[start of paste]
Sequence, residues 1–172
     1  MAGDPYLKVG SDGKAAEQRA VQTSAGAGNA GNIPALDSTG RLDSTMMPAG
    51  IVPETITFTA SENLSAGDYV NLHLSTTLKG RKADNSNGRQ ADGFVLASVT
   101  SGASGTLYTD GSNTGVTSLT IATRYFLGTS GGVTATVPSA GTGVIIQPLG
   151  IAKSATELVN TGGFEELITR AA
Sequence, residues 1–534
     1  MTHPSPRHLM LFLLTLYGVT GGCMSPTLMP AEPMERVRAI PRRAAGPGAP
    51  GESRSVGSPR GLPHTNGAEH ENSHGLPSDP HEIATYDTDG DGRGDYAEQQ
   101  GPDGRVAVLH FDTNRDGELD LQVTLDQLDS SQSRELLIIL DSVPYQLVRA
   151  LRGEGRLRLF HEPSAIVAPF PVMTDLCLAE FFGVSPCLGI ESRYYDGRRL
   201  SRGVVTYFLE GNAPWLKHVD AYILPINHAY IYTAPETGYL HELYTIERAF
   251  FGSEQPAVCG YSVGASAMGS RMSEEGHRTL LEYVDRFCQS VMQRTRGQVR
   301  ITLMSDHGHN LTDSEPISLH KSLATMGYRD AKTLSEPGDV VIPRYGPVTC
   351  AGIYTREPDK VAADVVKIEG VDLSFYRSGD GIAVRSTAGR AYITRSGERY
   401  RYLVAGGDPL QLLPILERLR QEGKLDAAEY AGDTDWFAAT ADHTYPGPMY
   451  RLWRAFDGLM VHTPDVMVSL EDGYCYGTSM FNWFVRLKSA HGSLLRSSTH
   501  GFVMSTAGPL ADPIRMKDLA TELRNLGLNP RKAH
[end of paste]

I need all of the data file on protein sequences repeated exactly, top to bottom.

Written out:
Sequence, residues 1–172
     1  MAGDPYLKVG SDGKAAEQRA VQTSAGAGNA GNIPALDSTG RLDSTMMPAG
    51  IVPETITFTA SENLSAGDYV NLHLSTTLKG RKADNSNGRQ ADGFVLASVT
   101  SGASGTLYTD GSNTGVTSLT IATRYFLGTS GGVTATVPSA GTGVIIQPLG
   151  IAKSATELVN TGGFEELITR AA
Sequence, residues 1–534
     1  MTHPSPRHLM LFLLTLYGVT GGCMSPTLMP AEPMERVRAI PRRAAGPGAP
    51  GESRSVGSPR GLPHTNGAEH ENSHGLPSDP HEIATYDTDG DGRGDYAEQQ
   101  GPDGRVAVLH FDTNRDGELD LQVTLDQLDS SQSRELLIIL DSVPYQLVRA
   151  LRGEGRLRLF HEPSAIVAPF PVMTDLCLAE FFGVSPCLGI ESRYYDGRRL
   201  SRGVVTYFLE GNAPWLKHVD AYILPINHAY IYTAPETGYL HELYTIERAF
   251  FGSEQPAVCG YSVGASAMGS RMSEEGHRTL LEYVDRFCQS VMQRTRGQVR
   301  ITLMSDHGHN LTDSEPISLH KSLATMGYRD AKTLSEPGDV VIPRYGPVTC
   351  AGIYTREPDK VAADVVKIEG VDLSFYRSGD GIAVRSTAGR AYITRSGERY
   401  RYLVAGGDPL QLLPILERLR QEGKLDAAEY AGDTDWFAAT ADHTYPGPMY
   451  RLWRAFDGLM VHTPDVMVSL EDGYCYGTSM FNWFVRLKSA HGSLLRSSTH
   501  GFVMSTAGPL ADPIRMKDLA TELRNLGLNP RKAH